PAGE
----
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Unformatted text preview: Final Exam Study Guide Chapter 12 o Properties of the states of matter – Gas: conforms to shape and volume of container, high compressibility, and high ability to flow. Liquid: conforms to shape of container, volume limited by surface, low compressibility, and moderate ability to flow. Solid: maintains its own shape and volume, has almost zero compressibility and ability to flow. o Enthalpies of phase transitions – heat of fusion, vaporization, and sublimation. These values are the same for the phase change in between those particular phases. Will be a exothermic for solid → liquid → gas and endothermic for gas → solid → liquid. o Heating/cooling curves – an application of the kinetic molecular theory quantitatively which shows the changes that occur when heat is added to or removed form a particular sample of matter at a constant rate. (slope is the heat capacity). o Liquid-gas equilibria – when a sample liquid is in a closed container with constant pressure and at the molecular level molecules are entering and leaving the liquid surface at equal rates. o Clausius-Clapeyron equation and its uses – ; This equation gives us a way of finding the heat of vaporization, or the energy needed to vaporize. o Vapor pressure –the pressure exerted by a vapor at equilibrium is called the vapor pressure of that liquid at that temperature. o Phase diagrams –Phase diagram is a visual tool to show a compound’s phase changing properties in which there are different phase regions of the diagram, lines between the regions showing where phase changes occur, and the critical and triple point. o Intermolecular forces – electrostatic attractions between opposite charges of ions and compounds. Ion-dipole – When an ion and a nearby polar molecule attract each other Hydrogen bonding – when a hydrogen atom is bonded with N, O, or F the electronegativity of these elements remove the electron density from the Hydrogen atom. As a result of this, the hydrogen atom is attracted to the partially negative lone pairs of N, O, and F. Dipole-dipole – when the positive pole of a molecule attracts the negative pole of another Ion-induced dipole – when an ion induces a distortion in the electron cloud of a molecule, resulting in a weak attraction Dipole-induced dipole – when a dipole of a molecule induces a distortion in the electron cloud of another molecule, also resulting in a weak attraction Dispersion (London) – caused by momentary oscillations of electron charge in atoms and because of this, they are present in all particles. o Effects of intermolecular forces on physical properties (e.g. boiling point) – higher intermolecular forces raise the boiling point, melting point, viscosity, surface tension, and capillarity....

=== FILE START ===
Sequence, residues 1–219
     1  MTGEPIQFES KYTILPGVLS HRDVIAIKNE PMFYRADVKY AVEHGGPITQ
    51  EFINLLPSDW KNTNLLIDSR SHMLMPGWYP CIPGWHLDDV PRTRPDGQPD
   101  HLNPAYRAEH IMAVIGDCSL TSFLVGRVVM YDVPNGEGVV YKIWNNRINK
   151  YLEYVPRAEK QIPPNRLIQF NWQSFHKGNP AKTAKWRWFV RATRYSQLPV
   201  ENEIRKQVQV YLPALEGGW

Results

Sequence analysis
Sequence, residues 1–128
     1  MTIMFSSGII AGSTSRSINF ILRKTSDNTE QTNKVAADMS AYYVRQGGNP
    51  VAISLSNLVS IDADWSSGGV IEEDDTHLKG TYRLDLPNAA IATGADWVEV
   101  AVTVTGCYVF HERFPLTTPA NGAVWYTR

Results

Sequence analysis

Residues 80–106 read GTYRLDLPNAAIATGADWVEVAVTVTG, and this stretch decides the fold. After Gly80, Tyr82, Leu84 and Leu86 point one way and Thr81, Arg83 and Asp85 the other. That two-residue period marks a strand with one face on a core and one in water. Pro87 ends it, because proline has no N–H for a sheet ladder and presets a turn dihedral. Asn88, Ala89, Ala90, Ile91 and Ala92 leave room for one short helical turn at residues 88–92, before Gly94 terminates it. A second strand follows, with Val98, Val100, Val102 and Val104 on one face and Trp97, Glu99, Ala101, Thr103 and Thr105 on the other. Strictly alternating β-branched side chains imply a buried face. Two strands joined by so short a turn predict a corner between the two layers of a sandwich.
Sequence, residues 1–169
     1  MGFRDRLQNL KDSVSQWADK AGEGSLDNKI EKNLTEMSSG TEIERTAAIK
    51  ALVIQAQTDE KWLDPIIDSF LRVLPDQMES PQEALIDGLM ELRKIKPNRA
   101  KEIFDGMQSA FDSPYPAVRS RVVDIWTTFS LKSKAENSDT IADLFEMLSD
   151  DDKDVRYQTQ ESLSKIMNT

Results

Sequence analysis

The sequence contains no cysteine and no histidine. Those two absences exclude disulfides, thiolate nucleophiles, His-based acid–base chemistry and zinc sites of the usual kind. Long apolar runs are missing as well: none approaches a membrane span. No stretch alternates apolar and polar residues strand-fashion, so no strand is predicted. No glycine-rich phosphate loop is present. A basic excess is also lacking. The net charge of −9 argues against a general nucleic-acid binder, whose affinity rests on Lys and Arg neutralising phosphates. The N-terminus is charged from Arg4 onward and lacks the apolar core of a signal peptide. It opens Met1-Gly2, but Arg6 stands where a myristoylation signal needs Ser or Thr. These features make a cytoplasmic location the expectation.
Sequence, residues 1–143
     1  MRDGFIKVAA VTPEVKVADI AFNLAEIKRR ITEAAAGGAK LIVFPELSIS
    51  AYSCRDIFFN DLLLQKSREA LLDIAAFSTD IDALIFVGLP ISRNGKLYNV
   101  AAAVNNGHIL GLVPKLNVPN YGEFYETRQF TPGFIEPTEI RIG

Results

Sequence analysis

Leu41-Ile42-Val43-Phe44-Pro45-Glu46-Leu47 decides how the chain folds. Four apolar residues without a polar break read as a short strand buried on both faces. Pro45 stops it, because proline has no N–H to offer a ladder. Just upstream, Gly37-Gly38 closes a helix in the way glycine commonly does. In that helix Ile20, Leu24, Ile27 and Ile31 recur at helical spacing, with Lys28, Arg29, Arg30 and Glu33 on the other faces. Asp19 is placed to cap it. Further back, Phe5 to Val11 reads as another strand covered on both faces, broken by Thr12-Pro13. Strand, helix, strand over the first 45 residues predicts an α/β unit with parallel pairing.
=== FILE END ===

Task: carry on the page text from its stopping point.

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This note was uploaded on 01/08/2012 for the course CHEM 1515 taught by Professor White during the Fall '11 term at Oklahoma State.
- Fall '11
- States Of Matter